Metropol's historic structure — the old Lexington post office, circa 1825 — has stood almost two centuries. Since opening as a restaurant in 2003, however, its interior and menu have been in constant, if gradual, evolution. Just this year, a fabulous expansion gained it at least twice, maybe three times the dining space, showing off more of the tin ceiling and extending the inviting bar.
Also not long ago, the kitchen played yet another rotation of "musical chefs," apparently one of Lexington's favorite hospitality-industry games. Aaron Tolson is now overseeing everything from operations (he is also general manager) to the menu, which has kept some longtime Continental-style favorites while adding more contemporary dishes.
Among the familiar items, the escargots (six for $10.50) remain. Each shelled snail sits in herb and garlic butter with a bit of bacon underneath. Their mushroomlike texture was impeccable, but the butter needed salt, something perhaps the bacon was intended to deliver but did not.
Another enduring favorite is the crab and avocado salad ($10.50), a colorful circular stack in shades of pink and pale green. Sweet crustacean meat and rich avocado play well together, although the ratio of crab to avocado could be greater. The base of red pepper oil added a subtle layer of flavor.
Few salads are more gorgeous than beet, especially when colored ruby red and orange gold ($10.50). These were roasted just to al dente and paired with pears, a handful of mixed salad greens and sparse soft feta cheese — all drizzled with raspberry vinaigrette, which I lightly salted.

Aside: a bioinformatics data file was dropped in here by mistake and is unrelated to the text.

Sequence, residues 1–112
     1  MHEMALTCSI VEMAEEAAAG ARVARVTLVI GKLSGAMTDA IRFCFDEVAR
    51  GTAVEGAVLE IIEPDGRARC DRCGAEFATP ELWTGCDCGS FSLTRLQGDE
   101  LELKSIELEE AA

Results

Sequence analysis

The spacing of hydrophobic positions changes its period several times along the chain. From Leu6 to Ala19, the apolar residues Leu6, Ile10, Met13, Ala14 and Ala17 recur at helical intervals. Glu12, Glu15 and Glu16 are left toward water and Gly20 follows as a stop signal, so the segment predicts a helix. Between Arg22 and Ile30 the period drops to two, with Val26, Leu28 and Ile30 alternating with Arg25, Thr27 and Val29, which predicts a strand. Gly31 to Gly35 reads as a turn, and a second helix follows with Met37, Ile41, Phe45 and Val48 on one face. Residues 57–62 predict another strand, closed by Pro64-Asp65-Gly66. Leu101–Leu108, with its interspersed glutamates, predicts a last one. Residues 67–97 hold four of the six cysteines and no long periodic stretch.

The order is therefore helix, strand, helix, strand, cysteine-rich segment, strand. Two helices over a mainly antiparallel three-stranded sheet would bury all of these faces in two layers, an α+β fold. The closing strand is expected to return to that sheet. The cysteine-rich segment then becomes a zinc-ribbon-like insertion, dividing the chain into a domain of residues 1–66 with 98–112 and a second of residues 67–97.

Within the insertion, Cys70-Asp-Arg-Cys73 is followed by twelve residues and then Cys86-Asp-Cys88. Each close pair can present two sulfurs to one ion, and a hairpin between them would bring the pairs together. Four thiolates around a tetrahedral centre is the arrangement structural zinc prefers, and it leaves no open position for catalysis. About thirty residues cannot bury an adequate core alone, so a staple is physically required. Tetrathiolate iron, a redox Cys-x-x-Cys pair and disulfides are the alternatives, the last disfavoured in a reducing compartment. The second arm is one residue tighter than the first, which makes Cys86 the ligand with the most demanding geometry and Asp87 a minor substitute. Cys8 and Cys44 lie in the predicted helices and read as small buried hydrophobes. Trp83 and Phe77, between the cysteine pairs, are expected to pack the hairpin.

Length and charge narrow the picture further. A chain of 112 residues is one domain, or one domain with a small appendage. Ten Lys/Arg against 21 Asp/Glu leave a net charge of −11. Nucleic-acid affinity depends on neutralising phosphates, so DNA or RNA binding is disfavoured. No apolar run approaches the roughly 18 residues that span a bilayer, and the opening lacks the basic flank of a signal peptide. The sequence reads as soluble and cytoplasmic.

Not as beautiful but perfectly seasoned was the endive salad ($8.50). Several graceful boat-shaped leaves were the ideal vehicle for creamy dressing with chunks of blue cheese and candied walnuts. Apple slices, among blue cheese's best friends, were served on the side.
The Chilean sea bass ($32) was my favorite entrée: a splendidly pan-seared fillet with a paper-thin buttery crust. Its flesh flaked with the barest prod from a fork. And the presentation was magnificent: an architecture that began with a foundation of mashed potatoes (that I requested in lieu of new potatoes), rose with haricot verts, thinly sliced squash and carrot, then was crowned with the delicious fish.
Everything rested in a shallow moat of Périgueux sauce, a rich concoction traditionally made with truffles and Madeira wine. Here, there was the barest hint of truffle, and any wine was undetectable. A garnish of roasted cherry tomato halves and baby pattypan squash completed this exciting dish.
Eight ounces of filet mignon ($32), ordered medium-rare, came closer to rare. It was supposed to be served with a creamy "potatoes gratin," but what arrived was a stack of buttery potato slices that more resembled potatoes Anna. No complaints here. The bourbon sauce needed further reduction, but sautéed mushrooms, with their weight and depth of flavor, compensated for that.
The Godiva chocolate cheesecake ($6.50) was the evening's only disappointment. While ostensibly made in-house, it tasted mass-produced: Neither the dark chocolate wafer crust nor the creamy filling had particularly interesting textures or even dense chocolate taste.
All that said, Metropol is the quintessential bistro. Some of the best conversation anywhere in Lexington can be had at the bar, and the menu has imagination and variety. If history suggests the future, the place will go on balancing continuity and change with flair, and I expect that certain important details — like judicious salting, higher-quality desserts, and the calming of sometimes overzealous service — will fall into place.
A four-course dinner for two, including three glasses of wine and tax but not tip, cost about $118.
Wendy Miller is a Lexington-based food and spirits writer and critic.